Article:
Few days ago, a big container took up five parking lots 🙁
An impact that was further exacerbated by an advance warning from an internal circular saying that we have to park in the field (luckily not rainy season) tomorrow. Why?
Alas, it’s an exclusive event by invitation only (so don’t bother). No wonder one box will do. Looking at the agenda, looks like it’s one big gig by Tew Kiat, who has been running this Business Continuity thing for as long as I knew him.
But I want to get into the container to see! I wonder what is inside. Yesterday, there were two independent conversations about this with some other colleagues, and it goes like this:
A: Wah this box damn big sia…
B: Where got big?
A: Hey you know how many servers you can load into it or not?
B: Aikjeoh… not servers la PEOPLE! I think there are probably dumb terminals inside.
What does the CIO in midtown Manhattan do when she runs out of roof space or power? How does an aid agency deliver basic connectivity to 5,000 relief workers in a tsunami stricken metropolis? What does an oil company do when they want to move high performance analytics onto an offshore platform or supertanker? Or a large web services company do when they want to cookie cutter their infrastructure next to a hyrdroelectric plant for cheap power – within weeks, not years?
B was thinking about a movable staff, i.e. office space that can be used for front line staff, e.g. customer service hot-line for businesses when their premises are defunct. I was actually thinking of scenario by B too, knowing that SCS runs the very same thing over in Synergy already. But the thing looks like a CONTAINER!
So out of curiosity, I went to peek.
And B was right.
There’s one door with pin / card access, 2 air-conds, one Long table with 8 chairs, 8 PCs all with flat screen displays (can’t see any brand names as the box was locked), 2 windows with the blinds down, one mobile toilet (what a complimentary product!) and one power generator.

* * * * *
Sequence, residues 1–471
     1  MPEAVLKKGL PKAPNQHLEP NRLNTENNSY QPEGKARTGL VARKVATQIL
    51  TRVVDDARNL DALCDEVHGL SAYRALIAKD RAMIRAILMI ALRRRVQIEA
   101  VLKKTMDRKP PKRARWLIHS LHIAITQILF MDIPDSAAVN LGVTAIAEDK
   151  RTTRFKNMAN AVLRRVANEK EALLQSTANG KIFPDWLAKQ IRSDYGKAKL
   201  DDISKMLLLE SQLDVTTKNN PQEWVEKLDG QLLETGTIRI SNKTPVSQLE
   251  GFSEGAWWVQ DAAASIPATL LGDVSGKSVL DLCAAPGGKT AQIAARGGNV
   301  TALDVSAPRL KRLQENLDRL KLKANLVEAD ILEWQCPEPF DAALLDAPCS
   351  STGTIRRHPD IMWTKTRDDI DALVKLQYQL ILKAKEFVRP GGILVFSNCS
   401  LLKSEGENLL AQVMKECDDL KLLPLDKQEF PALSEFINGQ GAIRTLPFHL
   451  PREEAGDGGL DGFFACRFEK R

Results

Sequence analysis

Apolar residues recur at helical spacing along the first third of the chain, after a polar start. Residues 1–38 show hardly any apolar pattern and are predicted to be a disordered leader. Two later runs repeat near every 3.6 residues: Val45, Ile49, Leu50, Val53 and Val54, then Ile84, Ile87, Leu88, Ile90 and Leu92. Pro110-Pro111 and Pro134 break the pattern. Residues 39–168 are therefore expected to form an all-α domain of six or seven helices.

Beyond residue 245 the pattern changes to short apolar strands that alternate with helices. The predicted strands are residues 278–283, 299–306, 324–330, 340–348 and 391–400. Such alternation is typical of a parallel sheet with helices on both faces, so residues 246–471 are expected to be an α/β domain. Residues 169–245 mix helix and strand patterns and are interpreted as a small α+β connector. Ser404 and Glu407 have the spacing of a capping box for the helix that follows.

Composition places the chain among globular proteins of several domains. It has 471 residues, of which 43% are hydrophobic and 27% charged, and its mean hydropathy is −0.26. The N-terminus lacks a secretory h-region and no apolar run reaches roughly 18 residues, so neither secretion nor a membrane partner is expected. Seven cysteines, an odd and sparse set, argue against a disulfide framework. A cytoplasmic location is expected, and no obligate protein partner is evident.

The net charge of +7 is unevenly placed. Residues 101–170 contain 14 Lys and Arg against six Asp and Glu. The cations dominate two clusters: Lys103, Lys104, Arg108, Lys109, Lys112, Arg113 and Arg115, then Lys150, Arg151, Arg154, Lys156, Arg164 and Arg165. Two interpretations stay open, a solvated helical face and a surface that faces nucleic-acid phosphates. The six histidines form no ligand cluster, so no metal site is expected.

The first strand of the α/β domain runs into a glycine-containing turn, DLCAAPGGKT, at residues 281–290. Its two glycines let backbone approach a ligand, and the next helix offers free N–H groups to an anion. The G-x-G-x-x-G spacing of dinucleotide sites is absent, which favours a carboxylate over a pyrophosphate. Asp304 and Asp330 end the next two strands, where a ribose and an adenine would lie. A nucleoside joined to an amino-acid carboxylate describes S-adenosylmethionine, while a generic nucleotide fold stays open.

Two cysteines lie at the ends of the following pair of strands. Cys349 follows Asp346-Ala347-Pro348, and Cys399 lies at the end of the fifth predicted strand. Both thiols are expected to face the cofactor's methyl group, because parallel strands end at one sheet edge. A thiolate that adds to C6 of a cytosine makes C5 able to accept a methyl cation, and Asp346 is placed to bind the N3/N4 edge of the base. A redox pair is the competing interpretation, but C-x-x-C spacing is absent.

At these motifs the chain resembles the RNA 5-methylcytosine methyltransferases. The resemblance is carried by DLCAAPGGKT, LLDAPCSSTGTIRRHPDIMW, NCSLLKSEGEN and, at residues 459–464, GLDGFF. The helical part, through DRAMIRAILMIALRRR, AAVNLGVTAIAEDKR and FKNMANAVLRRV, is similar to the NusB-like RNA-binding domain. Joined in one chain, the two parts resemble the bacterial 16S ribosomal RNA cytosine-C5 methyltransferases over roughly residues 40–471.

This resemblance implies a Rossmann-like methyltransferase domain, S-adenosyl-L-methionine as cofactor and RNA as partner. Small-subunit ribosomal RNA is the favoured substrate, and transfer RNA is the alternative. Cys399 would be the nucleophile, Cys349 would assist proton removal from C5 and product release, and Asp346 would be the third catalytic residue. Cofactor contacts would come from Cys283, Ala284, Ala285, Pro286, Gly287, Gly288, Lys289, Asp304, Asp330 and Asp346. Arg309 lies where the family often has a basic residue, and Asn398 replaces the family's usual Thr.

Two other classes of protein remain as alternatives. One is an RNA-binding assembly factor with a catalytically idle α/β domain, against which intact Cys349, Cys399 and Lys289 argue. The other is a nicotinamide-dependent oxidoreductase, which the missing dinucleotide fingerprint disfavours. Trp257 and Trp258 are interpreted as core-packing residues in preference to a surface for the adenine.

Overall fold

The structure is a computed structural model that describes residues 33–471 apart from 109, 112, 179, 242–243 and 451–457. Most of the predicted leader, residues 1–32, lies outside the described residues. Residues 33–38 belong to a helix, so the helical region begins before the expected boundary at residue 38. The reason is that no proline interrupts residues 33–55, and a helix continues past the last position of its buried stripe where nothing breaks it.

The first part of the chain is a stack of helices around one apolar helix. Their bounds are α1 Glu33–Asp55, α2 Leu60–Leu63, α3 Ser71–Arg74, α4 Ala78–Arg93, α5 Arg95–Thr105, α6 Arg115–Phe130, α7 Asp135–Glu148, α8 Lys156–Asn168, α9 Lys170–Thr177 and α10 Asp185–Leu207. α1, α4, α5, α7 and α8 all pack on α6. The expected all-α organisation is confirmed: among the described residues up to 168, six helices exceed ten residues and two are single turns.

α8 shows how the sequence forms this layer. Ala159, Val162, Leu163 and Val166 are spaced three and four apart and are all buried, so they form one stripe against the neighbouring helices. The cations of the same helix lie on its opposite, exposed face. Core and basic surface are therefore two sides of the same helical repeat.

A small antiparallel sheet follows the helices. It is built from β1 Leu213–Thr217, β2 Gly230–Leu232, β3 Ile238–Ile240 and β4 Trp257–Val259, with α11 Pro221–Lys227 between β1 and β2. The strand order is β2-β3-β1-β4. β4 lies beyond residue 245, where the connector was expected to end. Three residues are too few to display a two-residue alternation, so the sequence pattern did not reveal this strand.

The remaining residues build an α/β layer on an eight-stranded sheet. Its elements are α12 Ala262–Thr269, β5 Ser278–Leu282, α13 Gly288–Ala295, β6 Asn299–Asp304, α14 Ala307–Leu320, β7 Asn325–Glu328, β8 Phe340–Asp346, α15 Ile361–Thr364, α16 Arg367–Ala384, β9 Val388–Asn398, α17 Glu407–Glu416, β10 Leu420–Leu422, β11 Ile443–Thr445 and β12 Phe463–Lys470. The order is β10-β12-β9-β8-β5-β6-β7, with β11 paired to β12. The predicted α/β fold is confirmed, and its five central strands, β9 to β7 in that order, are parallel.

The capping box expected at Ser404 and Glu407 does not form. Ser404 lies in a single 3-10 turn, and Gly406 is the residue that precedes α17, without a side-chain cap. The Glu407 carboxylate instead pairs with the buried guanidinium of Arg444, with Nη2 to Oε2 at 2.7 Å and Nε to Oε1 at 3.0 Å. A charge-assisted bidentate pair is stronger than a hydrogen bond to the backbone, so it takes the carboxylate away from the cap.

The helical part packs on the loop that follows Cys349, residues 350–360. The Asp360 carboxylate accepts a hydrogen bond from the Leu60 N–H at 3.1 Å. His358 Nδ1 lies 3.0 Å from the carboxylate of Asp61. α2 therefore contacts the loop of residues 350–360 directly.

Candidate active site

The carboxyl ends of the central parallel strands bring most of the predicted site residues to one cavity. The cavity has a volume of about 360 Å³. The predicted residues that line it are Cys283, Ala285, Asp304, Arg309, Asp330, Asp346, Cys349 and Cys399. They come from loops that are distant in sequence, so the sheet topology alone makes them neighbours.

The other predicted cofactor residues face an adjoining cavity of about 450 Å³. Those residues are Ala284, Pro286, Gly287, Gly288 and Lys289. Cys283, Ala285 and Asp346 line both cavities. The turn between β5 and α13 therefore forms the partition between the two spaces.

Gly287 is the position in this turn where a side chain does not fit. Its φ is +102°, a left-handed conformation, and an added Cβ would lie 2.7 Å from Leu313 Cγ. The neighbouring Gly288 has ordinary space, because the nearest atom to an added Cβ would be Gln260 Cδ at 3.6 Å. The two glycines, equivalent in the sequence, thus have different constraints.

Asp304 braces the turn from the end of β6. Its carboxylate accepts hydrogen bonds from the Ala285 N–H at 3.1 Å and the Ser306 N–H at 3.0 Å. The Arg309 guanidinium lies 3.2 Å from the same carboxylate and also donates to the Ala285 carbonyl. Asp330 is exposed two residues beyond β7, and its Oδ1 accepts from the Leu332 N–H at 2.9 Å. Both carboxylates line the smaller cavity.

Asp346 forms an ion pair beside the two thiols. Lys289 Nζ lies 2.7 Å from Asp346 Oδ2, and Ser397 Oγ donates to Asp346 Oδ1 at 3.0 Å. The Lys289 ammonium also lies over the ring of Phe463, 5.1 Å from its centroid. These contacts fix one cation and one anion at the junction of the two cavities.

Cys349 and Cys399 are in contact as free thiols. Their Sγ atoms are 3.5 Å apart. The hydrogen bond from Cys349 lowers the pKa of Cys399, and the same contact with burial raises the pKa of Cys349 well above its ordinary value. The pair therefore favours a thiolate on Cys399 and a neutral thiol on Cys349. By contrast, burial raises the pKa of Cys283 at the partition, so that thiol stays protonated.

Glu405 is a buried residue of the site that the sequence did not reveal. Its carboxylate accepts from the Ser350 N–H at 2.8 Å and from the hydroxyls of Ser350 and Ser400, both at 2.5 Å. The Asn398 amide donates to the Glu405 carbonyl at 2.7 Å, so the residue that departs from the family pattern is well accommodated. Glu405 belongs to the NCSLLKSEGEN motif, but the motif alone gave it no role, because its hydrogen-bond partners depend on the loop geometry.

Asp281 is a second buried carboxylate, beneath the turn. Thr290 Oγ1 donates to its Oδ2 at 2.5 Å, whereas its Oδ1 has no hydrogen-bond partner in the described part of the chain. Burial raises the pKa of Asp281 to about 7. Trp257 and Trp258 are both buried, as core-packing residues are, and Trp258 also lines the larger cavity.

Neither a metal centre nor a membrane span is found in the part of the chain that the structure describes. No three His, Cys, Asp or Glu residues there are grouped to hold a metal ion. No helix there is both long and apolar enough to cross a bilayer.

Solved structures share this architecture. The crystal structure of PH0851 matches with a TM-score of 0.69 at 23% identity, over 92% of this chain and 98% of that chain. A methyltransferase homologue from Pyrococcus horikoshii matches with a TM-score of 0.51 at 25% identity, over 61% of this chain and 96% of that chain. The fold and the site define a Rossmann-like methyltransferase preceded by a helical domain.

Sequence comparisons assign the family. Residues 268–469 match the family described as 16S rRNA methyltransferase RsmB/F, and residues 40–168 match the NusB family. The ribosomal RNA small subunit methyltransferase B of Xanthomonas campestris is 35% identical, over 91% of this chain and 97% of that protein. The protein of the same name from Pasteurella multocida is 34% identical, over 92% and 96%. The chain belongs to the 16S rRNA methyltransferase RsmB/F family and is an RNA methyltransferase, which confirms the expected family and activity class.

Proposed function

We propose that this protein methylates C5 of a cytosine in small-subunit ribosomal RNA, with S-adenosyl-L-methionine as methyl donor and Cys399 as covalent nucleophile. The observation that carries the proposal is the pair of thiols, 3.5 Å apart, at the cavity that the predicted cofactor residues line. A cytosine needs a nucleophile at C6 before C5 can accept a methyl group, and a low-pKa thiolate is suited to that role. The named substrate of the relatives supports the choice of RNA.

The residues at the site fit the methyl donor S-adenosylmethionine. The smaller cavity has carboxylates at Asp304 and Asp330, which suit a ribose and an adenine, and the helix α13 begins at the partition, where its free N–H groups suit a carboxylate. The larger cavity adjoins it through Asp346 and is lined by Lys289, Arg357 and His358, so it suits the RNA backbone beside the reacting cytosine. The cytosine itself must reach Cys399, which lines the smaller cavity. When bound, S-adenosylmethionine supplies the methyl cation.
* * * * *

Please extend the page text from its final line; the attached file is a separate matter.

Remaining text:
What I couldn’t figure out is how the connectivity part happens. Wireless@SG? What if THAT is dead?
It is still very weird to me that this is in a container box. Are we loading them on a ship? The general paranoia in Singapore is that Malaysia is going to attack them, after experiencing the same thing during WWII, where all the guns are pointing at the wrong direction. So, to escape they must to go by the sea…
The second conversation:
C: Alamak, there’s already not enough parking in SCS, this one box took up 5 lots, no wait, 6 including the generator!
D: Yalor, why can’t they put it on the field?
C: Or take up CEO’s parking lot la, better publicity what, then can access wireless from office compound.
D: And bath and make coffee in the pantry.
This Singapore concept of a Business Continuity is really weird sometimes, at least to me. I have help drafted one plan before for a previous project where, should the Central Business District (CBD) area have any no 3 no 4 (e.g. kena bombed by terrorist la, kena earthquake or tsunami la, kena pandemic flu la etc.) then these same staff will instead come to work in SCS premises, which is in Bedok and Jurong.
- Terrorism: if a building kena bombed, the country is probably going on high alert, half the employees of the unfortunate company will be called back to arms, the rest (females) will be either half dead as part of the catastrophic act, or fleeing the country, etc.
- Tsunami: All offices that can pay for this service are above ground level la. They will be able to continue operations in their premises right? no?
- Flu: You want to bring these potentially contagious people into SCS compound!?!?
Okay I know I’m joking, there’s a need obviously, but I don’t see why businesses should react this way, instead of off-shoring these backup services, e.g. enable an Indian or Chinese office in the case of a disaster. Oh wait, Singapore companies have not figured out how to do that yet. Or have they? Or is it that they are worried that Taiwan kena earthquake again so everything have to be self-sufficient?
Alright – enough of me. Speak up and leave a comment